Conversation with cops: airport users want more interaction with police

ARLINGTON – With a rise in homelessness and increasing drug activity around Arlington Municipal Airport, the airport community wants a stronger partnership with Arlington police.

“We just really want more police presence and more visibility out here,” said Don Munson, Airport Commission chairman.

That’s the sort of candor that police have heard since they launched their Conversations with Cops program last summer. The half-hour get-togethers provide a way for police to connect with residents and business owners in an informal atmosphere to discuss issues such as crime and code enforcement.

Tuesday’s conversations was unique in that it was at an Airport Commission meeting, which drew the flying community with its special concerns, primarily airport security and protection of their property.

Police Chief Jonathan Ventura said that the airport represents about 19 percent of Arlington geographically. It takes up the bulk of the central beat area and includes some industrial areas.

The city’s two Airport Resource Officers and the K-9 officers, Seth Kinney and Molly Ingram, spend much of their shift patrolling the airport. The AROs work a mid-shift to maximize availability for the K-9 units for day and night patrols. There has been some focus turned on night patrol because there has been an influx of drugs and gun complaints that are impacting the airport mostly at night, Ventura said.

AROs responded to 352 incidents at the Arlington airport in 2016, while police responded to 3,278 incidents around that area.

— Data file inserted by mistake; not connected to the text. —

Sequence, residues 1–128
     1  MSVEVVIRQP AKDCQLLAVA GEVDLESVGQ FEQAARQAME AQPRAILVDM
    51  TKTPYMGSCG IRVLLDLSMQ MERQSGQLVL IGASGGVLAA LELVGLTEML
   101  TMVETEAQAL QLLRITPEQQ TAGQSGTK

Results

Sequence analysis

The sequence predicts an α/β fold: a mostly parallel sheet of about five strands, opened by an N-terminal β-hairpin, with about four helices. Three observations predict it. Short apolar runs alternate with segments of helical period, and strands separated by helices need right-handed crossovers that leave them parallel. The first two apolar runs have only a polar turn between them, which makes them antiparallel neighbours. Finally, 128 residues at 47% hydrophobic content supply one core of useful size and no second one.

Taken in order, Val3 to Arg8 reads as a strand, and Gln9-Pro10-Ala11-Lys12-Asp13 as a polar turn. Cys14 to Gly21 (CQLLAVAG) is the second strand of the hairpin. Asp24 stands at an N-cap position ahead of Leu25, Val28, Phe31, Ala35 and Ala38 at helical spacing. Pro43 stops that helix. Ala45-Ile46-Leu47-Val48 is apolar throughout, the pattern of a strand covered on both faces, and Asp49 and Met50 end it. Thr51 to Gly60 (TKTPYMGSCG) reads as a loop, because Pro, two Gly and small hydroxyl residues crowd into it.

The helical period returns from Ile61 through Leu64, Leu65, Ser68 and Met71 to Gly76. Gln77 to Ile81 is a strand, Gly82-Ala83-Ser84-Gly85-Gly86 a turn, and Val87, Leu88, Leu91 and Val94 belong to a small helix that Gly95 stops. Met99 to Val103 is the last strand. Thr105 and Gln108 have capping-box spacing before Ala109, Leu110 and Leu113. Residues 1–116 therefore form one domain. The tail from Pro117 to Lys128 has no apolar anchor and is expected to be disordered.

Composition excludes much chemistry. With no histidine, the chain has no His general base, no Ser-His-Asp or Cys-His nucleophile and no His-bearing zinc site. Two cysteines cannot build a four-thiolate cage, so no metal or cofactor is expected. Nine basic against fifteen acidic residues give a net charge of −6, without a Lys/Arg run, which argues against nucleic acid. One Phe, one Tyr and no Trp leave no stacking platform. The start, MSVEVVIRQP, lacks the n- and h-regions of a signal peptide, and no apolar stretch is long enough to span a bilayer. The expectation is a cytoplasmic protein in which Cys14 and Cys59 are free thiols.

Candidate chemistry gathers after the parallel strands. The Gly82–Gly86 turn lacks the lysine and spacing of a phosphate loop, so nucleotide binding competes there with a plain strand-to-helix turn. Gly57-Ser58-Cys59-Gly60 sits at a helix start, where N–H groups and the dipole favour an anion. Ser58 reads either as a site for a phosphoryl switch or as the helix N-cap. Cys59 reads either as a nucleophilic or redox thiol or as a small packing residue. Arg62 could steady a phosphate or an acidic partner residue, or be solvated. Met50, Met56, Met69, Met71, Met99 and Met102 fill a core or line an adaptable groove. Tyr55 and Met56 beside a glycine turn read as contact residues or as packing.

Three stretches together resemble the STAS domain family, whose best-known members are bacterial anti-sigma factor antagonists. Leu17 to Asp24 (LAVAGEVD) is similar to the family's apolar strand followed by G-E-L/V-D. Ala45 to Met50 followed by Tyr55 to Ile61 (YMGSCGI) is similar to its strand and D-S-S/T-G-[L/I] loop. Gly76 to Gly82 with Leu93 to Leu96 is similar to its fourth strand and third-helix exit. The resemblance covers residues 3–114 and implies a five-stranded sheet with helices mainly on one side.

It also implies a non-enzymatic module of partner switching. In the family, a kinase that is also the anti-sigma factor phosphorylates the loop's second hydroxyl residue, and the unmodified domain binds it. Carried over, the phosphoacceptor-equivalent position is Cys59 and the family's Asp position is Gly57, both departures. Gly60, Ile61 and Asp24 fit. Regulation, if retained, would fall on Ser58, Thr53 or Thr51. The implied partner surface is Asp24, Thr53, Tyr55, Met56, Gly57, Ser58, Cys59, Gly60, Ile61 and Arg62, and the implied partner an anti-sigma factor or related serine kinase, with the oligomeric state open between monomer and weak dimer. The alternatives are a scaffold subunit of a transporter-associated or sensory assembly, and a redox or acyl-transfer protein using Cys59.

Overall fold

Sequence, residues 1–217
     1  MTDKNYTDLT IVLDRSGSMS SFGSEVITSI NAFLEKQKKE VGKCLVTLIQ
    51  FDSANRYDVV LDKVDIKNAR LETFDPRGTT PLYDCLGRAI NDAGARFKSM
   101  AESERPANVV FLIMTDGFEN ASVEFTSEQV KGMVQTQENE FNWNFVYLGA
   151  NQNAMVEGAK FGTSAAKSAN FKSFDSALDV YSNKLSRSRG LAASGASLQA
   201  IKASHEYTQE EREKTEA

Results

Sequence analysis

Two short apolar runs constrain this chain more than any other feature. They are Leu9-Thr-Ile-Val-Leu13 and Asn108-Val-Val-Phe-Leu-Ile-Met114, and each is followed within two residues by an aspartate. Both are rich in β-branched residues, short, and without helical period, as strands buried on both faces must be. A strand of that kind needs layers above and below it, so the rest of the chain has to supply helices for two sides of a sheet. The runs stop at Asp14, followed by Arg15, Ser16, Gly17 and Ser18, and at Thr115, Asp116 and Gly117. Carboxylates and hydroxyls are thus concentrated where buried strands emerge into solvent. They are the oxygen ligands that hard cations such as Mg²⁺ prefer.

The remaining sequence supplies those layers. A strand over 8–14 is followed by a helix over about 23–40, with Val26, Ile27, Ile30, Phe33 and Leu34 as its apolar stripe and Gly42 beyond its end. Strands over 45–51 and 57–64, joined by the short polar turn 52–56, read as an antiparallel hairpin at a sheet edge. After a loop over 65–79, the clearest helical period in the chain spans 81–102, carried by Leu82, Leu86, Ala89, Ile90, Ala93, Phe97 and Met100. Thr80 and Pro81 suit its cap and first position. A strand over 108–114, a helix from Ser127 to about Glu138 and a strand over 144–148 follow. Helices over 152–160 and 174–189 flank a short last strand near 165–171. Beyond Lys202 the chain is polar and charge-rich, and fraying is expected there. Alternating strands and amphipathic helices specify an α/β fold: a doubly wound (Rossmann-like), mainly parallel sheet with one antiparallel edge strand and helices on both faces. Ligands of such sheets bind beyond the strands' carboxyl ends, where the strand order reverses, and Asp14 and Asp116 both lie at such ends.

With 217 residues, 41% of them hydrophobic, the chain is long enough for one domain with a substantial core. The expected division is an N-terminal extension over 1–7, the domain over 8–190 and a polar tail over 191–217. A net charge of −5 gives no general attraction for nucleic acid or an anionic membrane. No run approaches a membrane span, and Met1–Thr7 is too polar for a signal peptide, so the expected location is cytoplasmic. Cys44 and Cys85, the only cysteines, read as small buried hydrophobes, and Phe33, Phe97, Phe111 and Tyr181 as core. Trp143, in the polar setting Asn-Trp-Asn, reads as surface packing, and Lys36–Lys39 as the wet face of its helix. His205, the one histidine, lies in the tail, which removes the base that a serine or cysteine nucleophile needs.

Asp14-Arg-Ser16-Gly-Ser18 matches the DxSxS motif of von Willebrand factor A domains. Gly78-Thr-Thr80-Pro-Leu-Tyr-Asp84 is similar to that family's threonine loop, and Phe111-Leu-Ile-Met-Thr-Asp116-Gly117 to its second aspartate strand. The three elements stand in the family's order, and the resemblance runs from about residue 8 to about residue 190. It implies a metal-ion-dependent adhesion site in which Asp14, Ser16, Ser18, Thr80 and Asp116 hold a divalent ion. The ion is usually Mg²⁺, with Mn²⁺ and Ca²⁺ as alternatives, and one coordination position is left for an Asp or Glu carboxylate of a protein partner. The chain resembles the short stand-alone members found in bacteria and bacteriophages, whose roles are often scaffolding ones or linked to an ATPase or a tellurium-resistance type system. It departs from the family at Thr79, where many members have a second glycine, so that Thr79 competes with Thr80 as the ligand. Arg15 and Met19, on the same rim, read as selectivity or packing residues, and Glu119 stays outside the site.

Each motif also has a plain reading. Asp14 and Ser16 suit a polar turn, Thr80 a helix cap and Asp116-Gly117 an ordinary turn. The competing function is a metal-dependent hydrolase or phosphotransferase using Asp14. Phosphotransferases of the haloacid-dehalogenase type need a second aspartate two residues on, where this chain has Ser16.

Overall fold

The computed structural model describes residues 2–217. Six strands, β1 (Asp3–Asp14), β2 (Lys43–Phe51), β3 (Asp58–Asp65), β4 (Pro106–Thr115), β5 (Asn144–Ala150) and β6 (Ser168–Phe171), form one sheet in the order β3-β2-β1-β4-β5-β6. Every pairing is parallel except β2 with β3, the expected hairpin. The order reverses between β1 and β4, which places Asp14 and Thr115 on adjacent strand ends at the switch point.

Since Jan. 1, 18 crimes have been reported in the area, according to crime statistics. Ventura said the hot spot for criminal activity has been the hotel and restaurant area on 172nd Street south of the landing strip. That area sees its share of burglaries, theft, assaults, drug-related crimes and domestic violence calls.

Summarizing, Ventura said, “You have a lot of people here at the airport; you get eleven percent of all our police resources for the density, but the crime rate itself is extremely low.”

In 2016, Arlington police responded to 27,402 calls for service citywide, with a force that has been short by at least three officers at times.

Kinney said he and Ingram are eager to reach out more to people at the airport. He suggested if a person saw a suspicious individual in a hanger area in low light who looks out of place, call 9-1-1 so that he can respond. That also creates an opportunity to make contact, create lasting partnerships, and build a rapport with airport users.

Ventura said panhandling continues to make Arlington an attractive community. He and other police have spoken with the growing group of homeless in the Arlington-Smokey Point area. They have met drifters from as far south as Seattle, who say that they come up to Arlington because they can make $300 a day outside Wal-mart, instead of the $25 they might make in Seattle.

“They’re not here to find help and treatment,” Ventura said, adding, “The homeless population has exploded everywhere.”

Ventura pointed out that based on local court statistics, 40 percent of the homeless in the Arlington-Smokey Point area are from here; this is where their families live, and where they attended schools.

Arlington is hoping to take a page from Marysville’s playbook, to take a tough stance on drugs and homeless camps, and shut them down.

The City Attorney’s Office is “word-smithing” the language in abatement documents that can stand up to legal challenge.

Currently, Airport director Dave Ryan said, “We move people along where we can legally do so.”

Airport commissioner John Swizer is sympathetic to the homeless, but the scales tip too far in one direction.

“The homeless population has more rights than the property owners paying the bills,” Swizer said. “ACLU says these guys have all the rights.”

City Administrator Paul Ellis said that the city is aware of the impact that homelessness is having on the community.

“The brunt falls on our police to deal with it,” he said. “This is a national problem. We’re not going to arrest our way out of these issues, and there aren’t enough officers or jail space to respond.

“We need other resources to get us on the right track. We’re trying to handle it from the social service standpoint, but it will take help from the state and national level.”

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